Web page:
Social definitions of marriage aside, as long as the government controls and defines marriage there should be no restrictions based on sexual orientation. Really, what I think would be the ideal situation is to stop the government's controlling and defining marriage. If I weren't religious, I would be completely anti-marriage for the simple reason that I don't see what right the government has to define my relationships for me. The government should control the property rights and such that are associated with marriage, but not the relationship itself. In an ideal scenario, marriage would only have personal or religious meaning, but no meaning in terms of legislation. If you wanted, you could apply to the government for the set of benefits associated with marriage, but these benefits would no longer have anything to do with marriage. Two siblings who lived together and shared resources could get these benefits, a couple who had partaken in a religious ceremony that to them constituted a "marriage" could get these benefits, a group of friends who owned a home together could get these benefits.

As the current government definitions of marriage stand, however, it is unfair to deny a government-instituted contract to people because of their sexual orientation. I feel strongly that in fifty years, this issue will be looked on in the same way as the Civil Rights movement, and it makes me sad that a lot of people I love, who I know mean well, will be on the wrong side of history.

3) It's a slippery slope--allowing gay marriage would open the doors for condoning deviant behavior like pedophilia, bestiality, and polygamy.

My thoughts:

My absolute pet peeve as far as the gay marriage debate goes is the argument that "if you allow gay people to get married, what's to prevent prevent people from wanting to marry their pets, or marrying children?" I don't mean to seem condescending, but do you see that cat over there? It is a cat. It is not a human. It does not have legal status. It cannot give consent. It cannot sign a marriage contract. Do you see that child over there? She is eleven years old. She is below the age of consent. She can't sign a contract, period.

It's not that complicated. Marriage would be between consenting adults.

As far as other deviant behaviors go, polygamy is a bit more complicated, seeing as how it would be between consenting adults. Personally, I find the idea of polygamy to be nothing more than institutionalized infidelity and that makes me nauseous. It is, however, still a completely different issue from gay marriage, and not one that would be too difficult to control: simply define marriage as being beween two consenting adults.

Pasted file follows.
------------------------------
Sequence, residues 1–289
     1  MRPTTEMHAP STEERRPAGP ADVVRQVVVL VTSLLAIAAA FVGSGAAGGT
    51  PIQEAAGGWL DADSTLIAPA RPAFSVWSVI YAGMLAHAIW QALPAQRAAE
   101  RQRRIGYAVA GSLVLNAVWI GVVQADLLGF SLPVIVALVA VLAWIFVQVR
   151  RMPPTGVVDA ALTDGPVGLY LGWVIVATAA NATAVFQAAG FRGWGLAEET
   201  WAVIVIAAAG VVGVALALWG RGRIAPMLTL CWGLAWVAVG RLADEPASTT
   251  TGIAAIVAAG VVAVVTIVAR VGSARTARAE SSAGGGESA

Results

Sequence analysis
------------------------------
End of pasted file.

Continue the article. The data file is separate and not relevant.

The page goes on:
(Of course, the other solution would be, again, to take marriage completely off the books as far as government is concerned--see above--while still maintaining anti-pedophilia and anti-bestiality laws).

4) Gay marriage will not produce children. As a subset, 4b), gay people who adopt children will corrupt said children. Children need both a male and female influence in the home. 4c) Children who are raised by gay people will turn out to be gay themselves.

My thoughts:

4) If you're going to use this argument, take it all the way. Forbid the infertile from marrying, and ban birth control. If you want, you can even take it as far as implementing similar policies to those of CeauČ™escu's regime in Soviet Romania and employ fertility police to make sure women are popping out babies as fast and as often as possible. If you don't want these things to happen, don't use this argument.

4b) Again, if you're going to use this argument, take it all the way. Take children away from single parents and put them up for adoption. Of course, not all of them will get adopted, and many will grow up in orphanages and the foster system. Would that be better? Would it really be better to throw children into instability rather than allow them to have a stable home with one parent or parents of only one gender?

4c) Right, because children of straight people always turn out to be straight themselves.

5) Homosexuality is unnatural.

My thoughts:

That is all.

Does this mean I hate religion and Mormons and the Bible?

No. I don't see why being Mormon and supporting gay marriage have to be mutually exclusive. I go to church every Sunday. I do my visiting teaching. My husband and I aim to go to the temple twice a month. I read the scriptures every night. I pray many times a day.

The thing is, I believe that the best way to be a disciple of Christ isn't to be judgmental or intolerant. The best way to truly follow Christ and to truly be religious is to be kind, to serve others, to be accepting and to be understanding.

"But love ye your enemies, and do good, and lend, hoping for nothing again; and your reward shall be great, and ye shall be the children of the Highest: for he is kind unto the unthankful and to the evil. Be ye therefore merciful, as your Father also is merciful. Judge not, and ye shall not be judged: condemn not, and ye shall not be condemned: forgive, and ye shall be forgiven."--Luke 6:35-37

Other interesting, funny, and/or thought-provoking information related to gay marriage:

The Huffington Post Blog: "Gay Marriage: I Just Don't Get It" by Joe Peacock

The Most Hilariously Effective Signs Supporting Gay Marriage

"The gay marriage debate in 50 years" by The Oatmeal

"Gay Marriage - Yes or No?" by Dean Leysen